From peaches to boiled peanuts, hayrides, pumpkins, and corn mazes, Jaemor Farms is a place for families, friends, community, and memories. The story behind a place that has existed for six generations floats throughout the tri-county area of Hall, Banks, and Habersham following the death of its founder, Jim Echols.
Echols, who passed away on December 22 at the age of 87, grew up on the farm. His life story centered around family values and hard work. It’s a story that began with his parents, George and Vernie Echols, who began farming peaches in 1912.
It started with peaches
“My grandparents named the farm Echols Orchards and started with peach trees and row crops. Their focus changed solely to peaches and other fruits and vegetables that were sold on roadside stands off Old Cornelia Highway,” said Tim Echols.
In the days following his father’s death, Echols spoke with Now Habersham about his father, grandparents, and their legacy.
Jim Echols was born on December 18, 1936, in Hall County, Georgia. He and his wife, Valvoreth, founded Jaemor Farms in 1981 when the construction of Interstate 985 and Georgia Highway 365 presented an opportunity for an on-farm shopping experience.
“We are probably one of the first privately owned farm markets in the country and definitely near the forefront selling what we grew,” Tim added.
A name and a legacy
Echols Orchard was changed to JAEMOR farms – an acronym for the owners Jimmy Allen Echols and Valvoreth Morrison Echols. The couple had 5 children, daughter Teresa and sons Tim, Jarl, Judah, and Jonathan; 20 grandchildren, and 39 great-grandchildren with the 40th great-grandchild on the way.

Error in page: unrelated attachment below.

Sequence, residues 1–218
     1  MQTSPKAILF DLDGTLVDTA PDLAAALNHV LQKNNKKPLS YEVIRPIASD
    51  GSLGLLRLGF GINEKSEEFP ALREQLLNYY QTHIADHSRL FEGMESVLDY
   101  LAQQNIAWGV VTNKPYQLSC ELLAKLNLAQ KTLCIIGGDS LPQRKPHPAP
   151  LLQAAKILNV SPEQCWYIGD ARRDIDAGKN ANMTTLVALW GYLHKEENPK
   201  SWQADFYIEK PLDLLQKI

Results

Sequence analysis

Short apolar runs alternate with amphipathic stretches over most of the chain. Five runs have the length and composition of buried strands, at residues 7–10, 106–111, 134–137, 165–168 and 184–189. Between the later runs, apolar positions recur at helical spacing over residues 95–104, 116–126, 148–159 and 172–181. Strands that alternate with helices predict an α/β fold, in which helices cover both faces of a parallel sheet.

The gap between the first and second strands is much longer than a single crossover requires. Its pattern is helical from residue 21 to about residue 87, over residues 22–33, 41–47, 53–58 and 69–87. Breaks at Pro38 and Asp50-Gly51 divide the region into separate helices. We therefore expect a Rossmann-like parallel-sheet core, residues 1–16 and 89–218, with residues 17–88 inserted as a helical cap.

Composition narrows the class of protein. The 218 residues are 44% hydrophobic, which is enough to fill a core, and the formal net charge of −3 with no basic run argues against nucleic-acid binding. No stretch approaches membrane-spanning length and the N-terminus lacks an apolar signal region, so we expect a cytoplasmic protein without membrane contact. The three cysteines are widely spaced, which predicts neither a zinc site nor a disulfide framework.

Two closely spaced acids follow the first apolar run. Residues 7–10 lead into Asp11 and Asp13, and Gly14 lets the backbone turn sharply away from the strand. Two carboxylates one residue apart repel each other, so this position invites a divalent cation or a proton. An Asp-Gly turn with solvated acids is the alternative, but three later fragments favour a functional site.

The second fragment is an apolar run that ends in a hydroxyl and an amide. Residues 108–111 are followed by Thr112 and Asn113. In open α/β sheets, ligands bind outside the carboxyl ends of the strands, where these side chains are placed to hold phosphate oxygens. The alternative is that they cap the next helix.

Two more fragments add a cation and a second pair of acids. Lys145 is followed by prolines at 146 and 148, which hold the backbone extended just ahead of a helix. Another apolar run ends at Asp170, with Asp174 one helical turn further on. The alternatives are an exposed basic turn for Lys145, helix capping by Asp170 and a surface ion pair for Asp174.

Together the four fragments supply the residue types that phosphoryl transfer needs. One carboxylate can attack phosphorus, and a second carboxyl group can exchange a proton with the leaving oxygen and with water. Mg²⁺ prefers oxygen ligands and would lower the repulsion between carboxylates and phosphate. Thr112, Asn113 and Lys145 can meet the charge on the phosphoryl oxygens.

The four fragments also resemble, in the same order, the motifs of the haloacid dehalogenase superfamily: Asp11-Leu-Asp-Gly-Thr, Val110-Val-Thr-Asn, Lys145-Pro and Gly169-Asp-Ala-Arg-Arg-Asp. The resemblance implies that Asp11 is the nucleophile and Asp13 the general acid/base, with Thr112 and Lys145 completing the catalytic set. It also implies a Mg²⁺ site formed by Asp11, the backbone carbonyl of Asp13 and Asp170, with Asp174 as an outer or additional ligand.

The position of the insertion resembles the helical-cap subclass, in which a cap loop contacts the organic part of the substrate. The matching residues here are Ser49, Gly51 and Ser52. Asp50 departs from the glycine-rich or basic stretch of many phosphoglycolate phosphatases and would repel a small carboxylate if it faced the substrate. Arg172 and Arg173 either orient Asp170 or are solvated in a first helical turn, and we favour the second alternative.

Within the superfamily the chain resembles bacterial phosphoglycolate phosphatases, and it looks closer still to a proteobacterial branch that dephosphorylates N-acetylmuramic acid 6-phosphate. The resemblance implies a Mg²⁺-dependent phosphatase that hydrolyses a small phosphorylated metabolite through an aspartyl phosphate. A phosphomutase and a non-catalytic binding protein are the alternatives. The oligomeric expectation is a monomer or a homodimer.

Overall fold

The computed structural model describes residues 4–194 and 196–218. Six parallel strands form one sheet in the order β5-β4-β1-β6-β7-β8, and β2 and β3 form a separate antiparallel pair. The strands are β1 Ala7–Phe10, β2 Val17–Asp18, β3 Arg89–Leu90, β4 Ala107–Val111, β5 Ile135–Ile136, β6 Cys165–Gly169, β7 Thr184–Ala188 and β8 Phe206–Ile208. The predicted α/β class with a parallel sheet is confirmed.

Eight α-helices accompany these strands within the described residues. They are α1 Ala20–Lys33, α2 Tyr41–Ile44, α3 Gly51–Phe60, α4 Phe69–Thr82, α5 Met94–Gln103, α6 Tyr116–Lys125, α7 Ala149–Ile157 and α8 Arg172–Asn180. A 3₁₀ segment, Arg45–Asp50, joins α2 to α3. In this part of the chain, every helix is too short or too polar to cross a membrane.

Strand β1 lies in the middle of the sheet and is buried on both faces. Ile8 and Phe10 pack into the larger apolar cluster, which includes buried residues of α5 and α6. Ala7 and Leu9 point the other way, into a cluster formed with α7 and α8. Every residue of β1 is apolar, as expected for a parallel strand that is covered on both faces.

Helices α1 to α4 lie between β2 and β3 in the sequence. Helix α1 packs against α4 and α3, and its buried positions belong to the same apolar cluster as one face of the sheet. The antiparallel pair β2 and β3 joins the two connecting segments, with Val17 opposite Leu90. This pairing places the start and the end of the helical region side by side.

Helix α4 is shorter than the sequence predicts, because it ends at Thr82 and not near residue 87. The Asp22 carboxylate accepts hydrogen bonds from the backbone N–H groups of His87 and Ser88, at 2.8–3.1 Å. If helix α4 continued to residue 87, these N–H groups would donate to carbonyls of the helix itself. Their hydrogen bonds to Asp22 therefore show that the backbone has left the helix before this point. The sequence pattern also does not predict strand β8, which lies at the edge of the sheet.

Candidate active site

“In the early 2000s, Jaemor took off. It was something to see my parents enjoy how things had developed and grown,” Tim said. “My dad wasn’t afraid to try something new. When Drew (grandson) came to him about developing a corn maze, my dad chuckled that he couldn’t believe people would pay to walk around in a cornfield, but he was willing to try it.”
Tim expressed his appreciation for the work ethic his grandparents and parents instilled in him and his siblings.
“When Dad worked on the farm for his parents, it was to put food on the table. For us, Dad was able to pay us, most of the time before he and Mom even took a salary.”
When asked what he felt was his dad’s legacy, Tim explained, “For Dad, it was about service to the community. It wasn’t just about food. He wanted an overall experience – the atmosphere of the place, and he wanted everyone to feel his or her visit to Jaemor was worthwhile.”
For many years, Mr. Echols would have the boys bring his pump organ to the store, and he would play it for the customers. 2021 was the last time he was able to do so because of his failing health.
Jaemor customers can enjoy a wide variety of items: homegrown strawberries, blackberries, muscadines, scuppernongs, Concord grapes, watermelon, squash, tomatoes, zucchini, pumpkins, and more during the harvest season.
The Echols opened the corn maze in 2006.
On average, Jaemor sees more than a million customers annually.
Farm, family, and faith were the cornerstones of Jim Echols’ life. He and his wife worked hard to leave a legacy that will continue for many generations.